CONCORD, N.H. (AP) – The former chief forensic investigator for the state medical examiner says she probably will accept a plea agreement to resolve the nearly 40 felony charges she faces.

Kathrine Wieder, 53, is accused of failing to inspect bodies before they were cremated and improperly accepting fees for the work. She was arrested in 2005 but the case has been delayed by her claims that she is incompetent to stand trial because she is too sick to care for herself or make her own decisions.

On Friday, lawyers in the case said a hearing to decide Wieder’s competency will be postponed from June to July. But Wieder said she believes the case will be resolved by a plea bargain, not a competency hearing or trail. Prosecutors would not comment on any negotiations, but Wieder said she has been offered a deal that involves home confinement and significant fines in exchange for a guilty plea.

“We are probably going to eventually accept it, because to do otherwise means a lengthy court battle that I am physically not up to,” Wieder wrote in an e-mail to the Concord Monitor last week.

Wieder said she has had multiple sclerosis for more than 30 years, but the stress of the prosecution has caused a rapid deterioration of her health. She has trouble walking, suffers from chronic back and pelvis pain, has lost her ability to swallow and sleeps hooked up to a ventilator so she can breathe at night. Her husband, a psychiatrist, said his wife’s difficulty in reasoning is so significant he was forced to obtain a legal guardianship to make financial and medical decisions on her behalf.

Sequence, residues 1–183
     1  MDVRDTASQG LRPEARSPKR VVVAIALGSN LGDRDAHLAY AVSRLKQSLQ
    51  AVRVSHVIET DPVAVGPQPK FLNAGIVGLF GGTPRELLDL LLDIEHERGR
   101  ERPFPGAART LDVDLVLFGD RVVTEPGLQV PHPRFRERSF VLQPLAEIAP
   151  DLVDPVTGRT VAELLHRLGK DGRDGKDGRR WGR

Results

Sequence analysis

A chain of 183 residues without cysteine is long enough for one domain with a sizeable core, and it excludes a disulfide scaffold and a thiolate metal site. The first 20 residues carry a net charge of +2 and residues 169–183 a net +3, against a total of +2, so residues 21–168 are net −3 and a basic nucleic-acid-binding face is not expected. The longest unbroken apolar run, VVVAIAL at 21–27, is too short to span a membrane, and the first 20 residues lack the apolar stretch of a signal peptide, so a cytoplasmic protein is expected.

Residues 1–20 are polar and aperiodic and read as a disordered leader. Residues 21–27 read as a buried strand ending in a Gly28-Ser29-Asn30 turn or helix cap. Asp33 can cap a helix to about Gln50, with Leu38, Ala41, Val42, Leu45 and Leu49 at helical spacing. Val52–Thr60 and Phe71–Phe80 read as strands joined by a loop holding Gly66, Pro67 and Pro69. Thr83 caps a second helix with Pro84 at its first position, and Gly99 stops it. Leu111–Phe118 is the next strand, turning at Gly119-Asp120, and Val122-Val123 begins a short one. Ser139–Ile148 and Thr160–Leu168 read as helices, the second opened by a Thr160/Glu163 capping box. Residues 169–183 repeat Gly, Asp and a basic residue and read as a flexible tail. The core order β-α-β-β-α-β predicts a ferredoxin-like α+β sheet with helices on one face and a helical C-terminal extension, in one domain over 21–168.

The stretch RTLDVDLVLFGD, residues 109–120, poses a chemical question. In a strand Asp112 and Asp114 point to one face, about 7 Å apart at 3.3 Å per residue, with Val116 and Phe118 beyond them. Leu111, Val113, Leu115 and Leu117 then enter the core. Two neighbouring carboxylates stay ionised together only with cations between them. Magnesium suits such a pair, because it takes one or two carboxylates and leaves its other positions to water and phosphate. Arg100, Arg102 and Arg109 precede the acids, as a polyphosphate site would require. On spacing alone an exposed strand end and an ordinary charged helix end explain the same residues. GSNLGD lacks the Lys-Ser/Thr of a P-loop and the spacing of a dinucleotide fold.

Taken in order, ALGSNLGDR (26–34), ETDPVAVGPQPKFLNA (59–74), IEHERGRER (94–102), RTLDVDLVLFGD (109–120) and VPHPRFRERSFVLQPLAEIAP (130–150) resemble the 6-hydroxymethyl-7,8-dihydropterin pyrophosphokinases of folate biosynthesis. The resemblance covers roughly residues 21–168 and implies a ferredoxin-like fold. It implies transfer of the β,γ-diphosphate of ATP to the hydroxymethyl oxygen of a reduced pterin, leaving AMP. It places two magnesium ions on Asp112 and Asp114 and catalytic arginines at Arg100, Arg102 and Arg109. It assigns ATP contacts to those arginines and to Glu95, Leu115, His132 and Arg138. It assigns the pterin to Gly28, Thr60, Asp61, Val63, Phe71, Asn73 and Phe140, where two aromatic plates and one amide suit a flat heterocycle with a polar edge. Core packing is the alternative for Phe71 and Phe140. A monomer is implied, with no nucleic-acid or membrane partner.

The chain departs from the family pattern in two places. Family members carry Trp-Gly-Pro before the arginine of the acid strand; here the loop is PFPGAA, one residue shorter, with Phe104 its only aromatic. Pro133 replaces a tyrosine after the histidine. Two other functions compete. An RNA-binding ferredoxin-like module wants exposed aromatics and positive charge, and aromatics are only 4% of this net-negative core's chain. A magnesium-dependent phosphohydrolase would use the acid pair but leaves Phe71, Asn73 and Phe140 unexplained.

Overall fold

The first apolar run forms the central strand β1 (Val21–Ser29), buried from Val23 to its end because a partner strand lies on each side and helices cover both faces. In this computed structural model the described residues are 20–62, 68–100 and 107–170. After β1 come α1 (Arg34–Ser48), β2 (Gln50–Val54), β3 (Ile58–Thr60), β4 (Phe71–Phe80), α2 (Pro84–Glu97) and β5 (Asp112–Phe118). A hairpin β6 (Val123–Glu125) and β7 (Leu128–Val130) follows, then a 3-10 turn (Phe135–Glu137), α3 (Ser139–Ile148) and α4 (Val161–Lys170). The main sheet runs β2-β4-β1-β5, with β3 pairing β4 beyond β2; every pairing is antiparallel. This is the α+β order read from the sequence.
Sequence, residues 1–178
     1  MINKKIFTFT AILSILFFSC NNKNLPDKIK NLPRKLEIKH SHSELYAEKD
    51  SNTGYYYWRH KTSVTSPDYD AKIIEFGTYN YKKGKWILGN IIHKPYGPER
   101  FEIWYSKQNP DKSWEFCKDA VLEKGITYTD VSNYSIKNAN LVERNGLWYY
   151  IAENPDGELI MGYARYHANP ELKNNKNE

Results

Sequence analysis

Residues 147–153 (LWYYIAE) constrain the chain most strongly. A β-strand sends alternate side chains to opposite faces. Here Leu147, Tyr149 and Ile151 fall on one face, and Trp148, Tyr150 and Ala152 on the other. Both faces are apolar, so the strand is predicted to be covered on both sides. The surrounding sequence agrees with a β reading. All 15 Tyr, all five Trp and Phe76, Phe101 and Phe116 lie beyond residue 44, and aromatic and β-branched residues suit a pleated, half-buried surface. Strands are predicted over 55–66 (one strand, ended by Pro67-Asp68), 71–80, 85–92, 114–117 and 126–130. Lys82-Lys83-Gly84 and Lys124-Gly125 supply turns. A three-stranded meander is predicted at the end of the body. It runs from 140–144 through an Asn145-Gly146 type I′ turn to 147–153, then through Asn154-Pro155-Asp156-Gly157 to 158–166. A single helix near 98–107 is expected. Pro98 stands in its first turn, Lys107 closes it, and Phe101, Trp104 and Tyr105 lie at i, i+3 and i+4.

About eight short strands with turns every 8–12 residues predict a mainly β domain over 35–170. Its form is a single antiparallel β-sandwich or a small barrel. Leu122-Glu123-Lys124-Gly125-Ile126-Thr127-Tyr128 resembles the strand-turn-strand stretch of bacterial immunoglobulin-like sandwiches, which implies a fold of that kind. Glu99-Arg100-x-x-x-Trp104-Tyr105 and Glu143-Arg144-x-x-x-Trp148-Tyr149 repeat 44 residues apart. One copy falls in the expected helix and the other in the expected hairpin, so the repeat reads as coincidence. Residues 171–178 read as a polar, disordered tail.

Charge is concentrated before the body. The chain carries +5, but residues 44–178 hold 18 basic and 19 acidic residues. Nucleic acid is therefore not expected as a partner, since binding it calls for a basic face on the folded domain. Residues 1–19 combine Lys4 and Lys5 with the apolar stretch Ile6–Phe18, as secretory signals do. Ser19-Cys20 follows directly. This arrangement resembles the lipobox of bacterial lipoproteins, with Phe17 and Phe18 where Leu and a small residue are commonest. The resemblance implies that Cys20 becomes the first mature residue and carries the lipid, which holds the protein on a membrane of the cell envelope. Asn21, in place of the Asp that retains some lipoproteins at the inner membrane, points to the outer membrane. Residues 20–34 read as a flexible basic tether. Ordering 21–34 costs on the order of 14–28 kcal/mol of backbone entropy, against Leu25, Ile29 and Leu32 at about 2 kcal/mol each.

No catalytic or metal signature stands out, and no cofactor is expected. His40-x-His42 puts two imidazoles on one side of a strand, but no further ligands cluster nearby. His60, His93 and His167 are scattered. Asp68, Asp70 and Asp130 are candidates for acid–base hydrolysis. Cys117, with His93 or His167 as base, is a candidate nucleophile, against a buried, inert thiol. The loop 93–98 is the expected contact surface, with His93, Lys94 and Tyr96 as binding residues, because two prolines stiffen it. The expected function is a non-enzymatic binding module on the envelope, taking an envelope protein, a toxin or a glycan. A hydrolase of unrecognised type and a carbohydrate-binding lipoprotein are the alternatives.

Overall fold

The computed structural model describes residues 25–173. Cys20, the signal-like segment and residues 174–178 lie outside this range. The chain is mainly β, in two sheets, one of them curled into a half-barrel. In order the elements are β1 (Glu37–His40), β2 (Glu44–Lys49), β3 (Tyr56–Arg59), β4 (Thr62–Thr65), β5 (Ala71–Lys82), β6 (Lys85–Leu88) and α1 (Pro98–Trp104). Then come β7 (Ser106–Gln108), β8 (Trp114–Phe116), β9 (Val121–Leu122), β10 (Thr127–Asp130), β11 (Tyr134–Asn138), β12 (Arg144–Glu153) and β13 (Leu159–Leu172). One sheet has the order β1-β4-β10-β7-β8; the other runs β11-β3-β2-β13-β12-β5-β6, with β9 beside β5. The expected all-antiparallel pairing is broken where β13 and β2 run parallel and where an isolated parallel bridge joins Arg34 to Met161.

For a time, prosecutors accepted Wieder’s health problems as a valid reason for postponing her trial. But when she began to argue that she was too ill to face the charges at all, they pushed back, questioning the seriousness of her medical condition and even the multiple sclerosis diagnosis itself. A medical expert hired by prosecutors has said there’s evidence that Wieder may be exaggerating or faking her illness.

“The entire presentation of this defendant is one of a person who dramatically and flamboyantly draws attention to herself as a victim in many ways while demanding special treatment as a result,” wrote Dr. James Adams, the Department of Corrections’ chief forensic examiner, who was asked to evaluate Wieder’s competency.

Deputy Rockingham County Thomas Reid is one of three county attorneys involved in the case. In court filings, he referred to the elaborate gardens that Wieder maintains at her Newburyport, Mass., home as an activity that casts doubt on her argument.

“Apparently she does not require oxygen or suction under the circumstances referenced. In one example, the defendant apparently climbs up some rocks to do sweeping. No oxygen, no suction, no wheel chair are required,” he wrote. “The defendant’s condition and requirements seem to be quite different for court appearances.”

Three doctors Wieder hired, however, sent letters to the court saying she was too sick to stand trial.

“The neurological signs and symptoms are not things you can fake,” she said.

The investigation into the medical examiner’s office came after a deputy who worked under Wieder was charged with stealing medication from death scenes and improperly filing records. Wieder acknowledges that she sometimes did not inspect the bodies before receiving her $35 fee but said she was following the office’s established practice.

The volume of cremations was too high for the number of deputy medical examiners, she said, adding that she believes the attorney general’s office was aware of the practice and never intervened.

“If it’s a little old lady who died in hospice care, I’d say go ahead and do it,” she said.

She denies allegations that she tired to keep business for herself or favored employees.

“I cut corners. I never denied it,” she said. “But I never took anything that didn’t belong to me.”

Information from: Concord Monitor,

AP-ES-06-01-08 1214EDT

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